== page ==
Papayas are big business in Hawaii. In 2016, the islands produced nearly 20 million pounds of the tropical melon valued at an estimated $10 million. The Hawaiian papaya is also highly controversial. After the papaya ringspot virus decimated the island’s crop three decades ago, much of the fruit grown there today has been genetically modified to be resistant.
For Hawaiian farmers, selling the papayas can be difficult. Countries are often reticent to import genetically modified crops. They also face an uphill battle because of the high cost of imported fertilizers. But even more problematic is waste. Approximately a third of the Hawaiian papaya crop is discarded because it’s bruised or misshapen. Farmers throw out these otherwise saleable crops when margins are already thin.
Lisa Keith, a plant pathologist with the USDA in Hilo, Hawaii, may have a solution. Keith and her team of researchers have been gathering leftover papayas from local packing houses and turning them into a fuel that’s used to produce biodiesel. It’s a surprisingly simple process that includes adding algae to large tanks that contain a sterile pureed papaya solution, where a process called heterotrophic growth takes place—in the absence of sunlight, algae feed on the sugar in the papaya. When the algae becomes starved of nitrogen after depleting the nutrients in the puree, it stimulates lipid production, which causes the lipid cells to balloon up with oil in just under two weeks’ time. These oils can be used for biodiesel production after the glycerol present in the cells is extracted.
The entire process takes less than a month. It’s an entirely waste-free endeavor because, says Keith, the leftover algae can be added to fish meal and the glycerol can be added to feedstock. This makes the algae/papaya combination a practical solution to another major island issue. In Hawaii, almost 90 percent of the island’s energy is imported. Producing local, sustainable energy through solar, wind, and other methods like biodiesel makes economic sense for the islands, which have set a 2045 deadline for producing 100 percent of their energy from sustainable sources. What’s more, biodiesel production could also be another reliable stream of income for farmers struggling to survive in a difficult market.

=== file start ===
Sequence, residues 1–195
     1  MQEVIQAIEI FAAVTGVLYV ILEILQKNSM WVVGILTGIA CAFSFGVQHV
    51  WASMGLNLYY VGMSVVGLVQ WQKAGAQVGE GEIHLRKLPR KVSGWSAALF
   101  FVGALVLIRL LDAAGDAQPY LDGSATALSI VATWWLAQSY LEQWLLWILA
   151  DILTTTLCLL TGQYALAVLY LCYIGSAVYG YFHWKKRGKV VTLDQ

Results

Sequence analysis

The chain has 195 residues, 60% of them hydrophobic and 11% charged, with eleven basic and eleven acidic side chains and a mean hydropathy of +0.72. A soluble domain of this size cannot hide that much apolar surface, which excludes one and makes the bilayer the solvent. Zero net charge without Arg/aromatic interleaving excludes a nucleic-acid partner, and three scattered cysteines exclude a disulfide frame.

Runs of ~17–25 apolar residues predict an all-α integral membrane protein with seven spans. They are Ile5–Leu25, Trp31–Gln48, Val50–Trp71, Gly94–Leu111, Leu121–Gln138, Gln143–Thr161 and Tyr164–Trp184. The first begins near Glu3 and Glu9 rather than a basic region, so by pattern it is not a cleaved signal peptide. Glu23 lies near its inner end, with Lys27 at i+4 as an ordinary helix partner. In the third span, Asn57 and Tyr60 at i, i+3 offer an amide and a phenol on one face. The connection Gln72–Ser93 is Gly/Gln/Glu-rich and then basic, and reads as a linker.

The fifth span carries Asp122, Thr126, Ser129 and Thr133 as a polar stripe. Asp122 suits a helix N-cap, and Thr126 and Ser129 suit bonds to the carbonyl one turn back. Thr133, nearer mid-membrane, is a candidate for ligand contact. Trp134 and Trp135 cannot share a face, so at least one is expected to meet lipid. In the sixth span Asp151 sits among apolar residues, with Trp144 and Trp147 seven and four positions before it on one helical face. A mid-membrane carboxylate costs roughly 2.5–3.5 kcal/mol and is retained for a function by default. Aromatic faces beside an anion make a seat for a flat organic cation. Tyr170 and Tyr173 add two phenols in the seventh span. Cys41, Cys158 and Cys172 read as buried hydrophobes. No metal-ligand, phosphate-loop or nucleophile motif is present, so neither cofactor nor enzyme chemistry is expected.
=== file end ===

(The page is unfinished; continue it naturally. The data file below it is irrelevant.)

The main obstacle that Keith and her team have encountered in their attempt to scale the energy source has been oil extraction. “Removing the oil from the algae cells is still a challenge,” says Keith, and they’ve yet to come up with a means for extracting oils from algae cells at an economically sustainable rate. But, she says, “This is an ongoing problem with the industry as a whole.”
Currently, there are two main methods for oil extraction: mechanical and chemical. Often they’re combined depending on the type of algae used in production. Mechanical involves physically crushing the cells similar to crushing olives or soybeans to extract the oil. The other involves using chemical solvents to disrupt the cells.
In the lab, Keith and her team are using a combined method of mechanical disruption and the use of solvents. Algae are added to test tubes and the samples are mixed at high speeds to break open the cells. The oil is then extracted by adding hexane, a chemical solvent often used in food processing. The hexane evaporates, leaving behind the algae oil.
Even though the project isn’t yet fully scalable, Keith says that the research is promising. She’s currently working with the Hawaii Department of Agriculture’s Agribusiness Development Corporation and Bib Island Biodiesel to optimize the complicated process so that it can become a viable energy source on the island. Production has increased much faster than she thought it would.
In the future, her team plans on researching other Hawaiian crops that can be used in biodiesel production like Okinawan sweet potato, guava, banana, and cacao pulp.
While algae biodiesel production isn’t going to make Hawaii energy independent in the short term, it’s a big step in the right direction—a win for farmers looking for another viable stream of income, and a win for those sick of the high cost of unsustainable energy on this isolated archipelago.